The second half was performed by the Prince Consort Percussion Ensemble, directed by Kevin Hathway, - and the audience! Kevin Hathway is no stranger to the Festival and the Ensemble had already led two workshops during the day. The performance was exciting and the children who stayed to listen were enthralled (so were the adults). We heard flippers and table tennis bats being played, as well as xylophone, marimba and vibraphone. We learnt that the most popular marimba concerto is written by a Brazilian called Nerizaru, then heard the first movement. We sang an African song and used body percussion. We listened to Black and White rag, a Japanese marimba spiritual and pieces from Porgy and Bess and West Side Story. The hugely enjoyable evening finished with the entire audience on their feet moving and clapping to the beat.
Written and submitted by Jill Chapple Top
Tuesday 15th: Kevin Hathway and his ‘Prince Consort Percussion Ensemble’ Top
On Tuesday 15th March, 500 children from a selection of Farnham schools were privileged to participate in an interactive musical workshop. It gave them the opportunity to experience explosive performances of tuned and un-tuned percussion playing, and also the chance to become part of a 250+ body and voice percussion piece.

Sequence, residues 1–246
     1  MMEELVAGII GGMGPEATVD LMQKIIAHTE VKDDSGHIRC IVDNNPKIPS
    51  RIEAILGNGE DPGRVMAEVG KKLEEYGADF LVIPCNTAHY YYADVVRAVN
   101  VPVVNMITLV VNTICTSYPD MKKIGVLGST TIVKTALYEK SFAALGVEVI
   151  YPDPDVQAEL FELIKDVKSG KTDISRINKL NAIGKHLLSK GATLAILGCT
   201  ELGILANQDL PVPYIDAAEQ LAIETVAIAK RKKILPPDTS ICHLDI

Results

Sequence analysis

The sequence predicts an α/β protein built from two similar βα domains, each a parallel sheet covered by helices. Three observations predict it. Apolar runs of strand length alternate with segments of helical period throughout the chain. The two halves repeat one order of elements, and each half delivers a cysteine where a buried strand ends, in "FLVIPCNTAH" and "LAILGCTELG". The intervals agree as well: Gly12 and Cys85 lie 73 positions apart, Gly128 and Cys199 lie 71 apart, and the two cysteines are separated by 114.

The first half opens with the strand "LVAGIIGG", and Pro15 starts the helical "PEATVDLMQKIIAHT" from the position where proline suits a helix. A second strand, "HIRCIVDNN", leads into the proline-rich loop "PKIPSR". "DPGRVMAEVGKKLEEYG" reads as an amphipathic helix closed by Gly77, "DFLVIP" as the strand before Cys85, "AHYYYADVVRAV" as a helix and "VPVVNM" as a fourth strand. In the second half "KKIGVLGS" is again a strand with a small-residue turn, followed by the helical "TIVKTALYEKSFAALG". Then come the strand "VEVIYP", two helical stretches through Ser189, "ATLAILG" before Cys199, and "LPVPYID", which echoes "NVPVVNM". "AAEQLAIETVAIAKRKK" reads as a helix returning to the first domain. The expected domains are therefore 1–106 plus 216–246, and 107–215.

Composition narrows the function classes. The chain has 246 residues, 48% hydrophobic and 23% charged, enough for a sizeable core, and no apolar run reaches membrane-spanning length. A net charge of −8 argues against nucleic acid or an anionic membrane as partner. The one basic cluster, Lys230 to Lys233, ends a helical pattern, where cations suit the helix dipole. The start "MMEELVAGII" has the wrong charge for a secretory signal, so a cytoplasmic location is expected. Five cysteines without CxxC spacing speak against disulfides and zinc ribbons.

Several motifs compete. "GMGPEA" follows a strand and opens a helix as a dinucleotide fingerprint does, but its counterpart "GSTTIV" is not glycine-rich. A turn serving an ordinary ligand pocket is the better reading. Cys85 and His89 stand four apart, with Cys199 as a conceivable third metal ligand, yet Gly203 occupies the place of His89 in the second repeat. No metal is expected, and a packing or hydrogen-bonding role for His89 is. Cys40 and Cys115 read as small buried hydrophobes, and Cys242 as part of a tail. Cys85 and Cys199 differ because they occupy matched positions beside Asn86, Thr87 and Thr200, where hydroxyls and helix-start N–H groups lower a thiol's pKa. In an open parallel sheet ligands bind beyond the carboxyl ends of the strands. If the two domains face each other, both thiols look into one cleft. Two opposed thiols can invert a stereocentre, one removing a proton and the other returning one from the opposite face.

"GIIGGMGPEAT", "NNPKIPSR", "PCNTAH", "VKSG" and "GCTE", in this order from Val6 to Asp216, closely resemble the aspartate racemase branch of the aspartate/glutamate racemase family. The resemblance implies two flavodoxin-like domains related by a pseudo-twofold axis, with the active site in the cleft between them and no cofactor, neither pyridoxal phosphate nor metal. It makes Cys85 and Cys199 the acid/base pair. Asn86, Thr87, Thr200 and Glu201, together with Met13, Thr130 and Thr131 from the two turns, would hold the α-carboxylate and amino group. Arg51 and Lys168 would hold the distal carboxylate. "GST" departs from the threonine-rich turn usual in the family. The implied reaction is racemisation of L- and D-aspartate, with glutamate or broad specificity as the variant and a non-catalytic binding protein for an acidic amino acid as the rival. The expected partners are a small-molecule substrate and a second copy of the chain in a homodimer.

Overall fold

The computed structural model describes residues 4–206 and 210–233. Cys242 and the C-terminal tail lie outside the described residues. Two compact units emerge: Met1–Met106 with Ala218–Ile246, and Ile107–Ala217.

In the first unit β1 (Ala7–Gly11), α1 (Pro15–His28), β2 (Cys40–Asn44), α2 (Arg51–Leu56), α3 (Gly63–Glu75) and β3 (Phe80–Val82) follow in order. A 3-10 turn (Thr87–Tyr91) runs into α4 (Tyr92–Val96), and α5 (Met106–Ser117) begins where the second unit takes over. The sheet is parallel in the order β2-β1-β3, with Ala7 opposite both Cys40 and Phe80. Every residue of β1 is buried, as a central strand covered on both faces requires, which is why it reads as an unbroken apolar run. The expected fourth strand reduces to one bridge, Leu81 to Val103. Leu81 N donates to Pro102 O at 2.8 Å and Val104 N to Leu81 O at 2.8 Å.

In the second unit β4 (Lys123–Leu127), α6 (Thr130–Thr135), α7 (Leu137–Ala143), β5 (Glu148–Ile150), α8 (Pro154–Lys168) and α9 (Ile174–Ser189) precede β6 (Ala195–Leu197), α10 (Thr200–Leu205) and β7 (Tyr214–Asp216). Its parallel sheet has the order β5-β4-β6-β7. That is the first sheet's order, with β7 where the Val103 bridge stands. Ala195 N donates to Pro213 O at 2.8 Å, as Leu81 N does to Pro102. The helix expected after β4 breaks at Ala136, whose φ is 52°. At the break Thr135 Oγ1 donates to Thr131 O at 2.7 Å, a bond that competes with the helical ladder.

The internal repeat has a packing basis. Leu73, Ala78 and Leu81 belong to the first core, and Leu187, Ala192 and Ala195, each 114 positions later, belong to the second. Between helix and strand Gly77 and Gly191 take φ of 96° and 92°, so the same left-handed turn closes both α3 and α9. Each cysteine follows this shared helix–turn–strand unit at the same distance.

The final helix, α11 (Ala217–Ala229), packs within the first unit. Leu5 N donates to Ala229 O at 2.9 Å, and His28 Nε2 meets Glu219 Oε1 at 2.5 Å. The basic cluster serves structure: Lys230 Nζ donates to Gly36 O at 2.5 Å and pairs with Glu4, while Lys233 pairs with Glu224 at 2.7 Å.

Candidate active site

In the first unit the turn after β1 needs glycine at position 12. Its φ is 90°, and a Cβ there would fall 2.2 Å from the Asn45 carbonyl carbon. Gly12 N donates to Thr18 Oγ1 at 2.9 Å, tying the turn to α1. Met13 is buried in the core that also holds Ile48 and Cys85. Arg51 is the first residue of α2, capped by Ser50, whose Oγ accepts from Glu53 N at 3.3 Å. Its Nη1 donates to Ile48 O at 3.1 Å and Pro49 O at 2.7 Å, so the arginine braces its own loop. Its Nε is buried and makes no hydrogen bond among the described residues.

The ensemble consists of 5 young, talented percussionists, directed illustriously by Kevin Hathway. This extraordinary personality is no stranger to the Farnham festival: he has supported the Festival since 1997, bringing exciting new works and performances which thrill infants, juniors and adults alike.
The workshop began using simple, yet effective rhythmic body percussion games. These began using the voice, replacing rhythms with animal names, e.g. baboon, and in turn was transferred onto the body. This moved smoothly onto a drumming solo from a West African drum - Djembe. From this, developed an African chant which the children responded well to.
The tuned percussion consisted of a vibraphone, a marimba and glockenspiels - each were taught by describing qualities of sound and hands-on experience for a lucky few.
A particular highlight was a duo performance on the bongos and cow bells, the children and adults alike were transfixed throughout at the complex sounds produced and the ease at which they were apparently played.
The consort ended the magical workshop by performing a selection of music, ranging from ragtime to West Side Story.